Publication Date


Technical Report Number



Mathematics of Computing, Theory of Computation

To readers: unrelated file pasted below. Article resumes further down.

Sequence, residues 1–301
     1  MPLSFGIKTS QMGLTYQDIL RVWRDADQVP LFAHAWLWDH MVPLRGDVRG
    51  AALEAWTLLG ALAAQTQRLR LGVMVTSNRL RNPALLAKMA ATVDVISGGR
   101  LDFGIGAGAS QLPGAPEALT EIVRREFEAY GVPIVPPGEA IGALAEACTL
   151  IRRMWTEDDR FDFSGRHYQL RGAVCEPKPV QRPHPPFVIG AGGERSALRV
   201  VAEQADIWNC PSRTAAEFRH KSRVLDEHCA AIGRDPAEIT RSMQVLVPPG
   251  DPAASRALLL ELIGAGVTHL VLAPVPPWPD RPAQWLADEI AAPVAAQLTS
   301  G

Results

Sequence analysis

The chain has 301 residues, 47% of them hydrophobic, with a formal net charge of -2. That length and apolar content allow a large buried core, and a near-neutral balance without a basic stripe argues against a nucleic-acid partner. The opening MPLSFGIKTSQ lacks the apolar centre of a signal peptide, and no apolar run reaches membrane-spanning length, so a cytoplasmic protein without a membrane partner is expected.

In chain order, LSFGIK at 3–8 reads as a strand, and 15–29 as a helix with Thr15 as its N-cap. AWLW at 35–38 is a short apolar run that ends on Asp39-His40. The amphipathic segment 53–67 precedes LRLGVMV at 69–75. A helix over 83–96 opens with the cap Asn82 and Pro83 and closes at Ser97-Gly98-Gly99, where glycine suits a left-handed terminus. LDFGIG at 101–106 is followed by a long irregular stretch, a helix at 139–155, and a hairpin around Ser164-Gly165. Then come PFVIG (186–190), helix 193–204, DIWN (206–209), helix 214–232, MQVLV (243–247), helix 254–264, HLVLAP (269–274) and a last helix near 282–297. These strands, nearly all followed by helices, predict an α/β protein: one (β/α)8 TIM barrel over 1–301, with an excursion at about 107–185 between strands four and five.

Certain natural decision problems are known to be intractable because they are complete for E, the class of all problems decidable in exponential time. Lutz recently conjectured that many other seemingly intractable problems are not complete for E, but are intractable nonetheless because they are weakly complete for E. The main result of this paper shows that Lutz's intuition is at least partially correct; many more problems are weakly complete for E than are complete for E. The main result of this paper states that weakly complete problems are not rare in the sense that they form a non-measure 0 subset of E. This extends a recent result of Lutz that establishes the existence of problems that are weakly complete, but not complete, for E. The proof of Lutz's original result employs a sophisticated martingale diagonalization argument. Here we simplify and extend Lutz's argument to prove the main result. This simplified martingale diagonalization argument may be applicable to other questions involving individual weakly complete problems.